That’s the number of times Randy Poel’s heart was shocked with an automated external defibrillator (AED) before it became a “survivable rhythm” after he collapsed with cardiac arrest seven years ago this week.
Since then, the Grand Haven Township man and his wife, Lisa, have helped place more than 60 AEDs in buildings throughout West Michigan.
A life-changing day
On Feb. 21, 2010, Poel, then 47, was playing in a hockey game at Lakeshore Sports Centre in Muskegon. During the game, Randy’s teammates noticed he wasn’t breathing normally, so they got the attention of Nate Morgan, who played in the game before them.
Morgan, a Muskegon Township Fire Department captain and Poel’s friend, recognized Poel was going into cardiac arrest. Morgan performed chest compressions and used the ice arena’s AED device.
Morgan shocked Poel’s heart twice before paramedics arrived.
While CPR helps sustain life, an AED can change the heart, Poel said.
“The AED, quick action and CPR saved my life,” he said.
Doctors determined the cause of Poel’s cardiac arrest stemmed from a 1.5-inch-long narrowing — about a 99 percent blockage — of his left anterior artery. Based on the number of collateral arteries his heart built to pump blood to the bottom of his heart, doctors believe it was a birth defect.
Poel underwent a single bypass open-heart surgery on March 1, 2010.
Six weeks into recovery, he experienced shortness of breath.
Doctors found that fluid was filling the pericardial sac of his heart. After removing more than 1,600 cubic centimeters of fluid, Poel was hospitalized for five days before returning home to finish recovering. About 10 months later, he returned to work as a sergeant with the Grand Haven Department of Public Safety.
Poel retired from the Grand Haven force in June 2013. He now works as a firefighter and EMT for Grand Haven Township Fire/Rescue, as he has since the mid-1990s. He also coaches football for Grand Haven and works with the Ottawa County Marine Patrol.
In the months leading up to the 2010 episode, Poel felt a slight tightness in his chest when he would begin to exercise, but it always went away. Three or four months before the episode, his blood pressure registered high during a routine physical.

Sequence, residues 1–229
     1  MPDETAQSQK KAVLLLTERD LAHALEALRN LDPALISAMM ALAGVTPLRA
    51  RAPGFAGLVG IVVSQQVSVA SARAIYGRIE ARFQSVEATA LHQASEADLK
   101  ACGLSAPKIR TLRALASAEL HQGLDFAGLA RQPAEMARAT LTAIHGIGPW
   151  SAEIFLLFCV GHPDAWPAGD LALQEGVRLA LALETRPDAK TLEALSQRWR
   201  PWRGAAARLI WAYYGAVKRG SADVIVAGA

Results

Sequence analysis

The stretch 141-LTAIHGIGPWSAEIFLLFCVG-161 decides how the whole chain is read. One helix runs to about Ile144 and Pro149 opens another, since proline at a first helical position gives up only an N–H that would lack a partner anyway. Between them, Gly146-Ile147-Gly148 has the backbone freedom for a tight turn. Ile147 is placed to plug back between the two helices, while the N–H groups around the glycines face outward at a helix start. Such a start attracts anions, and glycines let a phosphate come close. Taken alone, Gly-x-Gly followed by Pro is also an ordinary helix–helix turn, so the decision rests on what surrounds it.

The day of the episode, Poel didn’t feel well and had almost flu-like symptoms.
Poel encourages people to listen to their body and have regular checkups and physicals.
“I’m just thankful for every day that I wake up,” he said.
Efforts to get AED devices to the public
While Poel was in the hospital, Lisa had an idea to ensure all local ice rinks have AED devices.
With the help of donations and fundraisers, the Poels have helped place more than 60 AED devices in the area by contacting ice rinks, churches, businesses and service clubs.
Last fall, one of the devices the Poels helped place in a fitness facility was used to save a woman, who also happened to be a family friend.
“It gives us goosebumps, especially when one is used,” Poel said.
Poel encourages people to get trained to use the AED and to perform CPR. He said the Good Samaritan law covers liability if the outcome isn’t as positive as his own experience.
Each fall, Grand Haven High School staff members participate in a CPR and AED training course. GHHS Principal Tracy Wilson said it’s good practice to have all of the building’s adults trained since many staff members are involved with students throughout the school day and in extra-curricular activities.
The high school has AED devices installed throughout the building — on the second floor, by the media center, outside the attendance office, by the Performing Arts Center, between the gyms and in the Aquatic Center. The school’s stadium and softball/baseball complex also have the devices, and athletic trainers take portable AED devices to events.
Beginning with the 2017-18 school year, Grand Haven students will be required to receive CPR and AED training at least once during grades 7-12.
Since anyone can be a first responder during a crisis, Wilson said she believes they have to provide adults and students with support and the tools needed to respond. She said it’s important every year for people to go through the training, even if it’s to refresh their memory so they become comfortable and not freeze in the event of an emergency.
Wilson said she thinks Randy Poel is a living testimony to how critical it is to have AEDs at public venues and the skills to use them.
“We know it can save a life,” she said.
An AED fund remains open with the City of Grand Haven so donations can be made to purchase AED devices or help supplement the costs.
Since a close family friend is a medical sales representative, Poel said they’re able to now get the devices at cost, which still is nearly $1,000 each.
Poel said they work with organizations that can’t afford the full cost of a device.
Klingel Homes also recently teamed up with the Poels for their monthly Give Project to help raise money.
To make a donation for AEDs, checks can be made to the City of Grand Haven/AED Fund and mailed to Grand Haven City Hall, 519 Washington Ave., Grand Haven, MI 49417.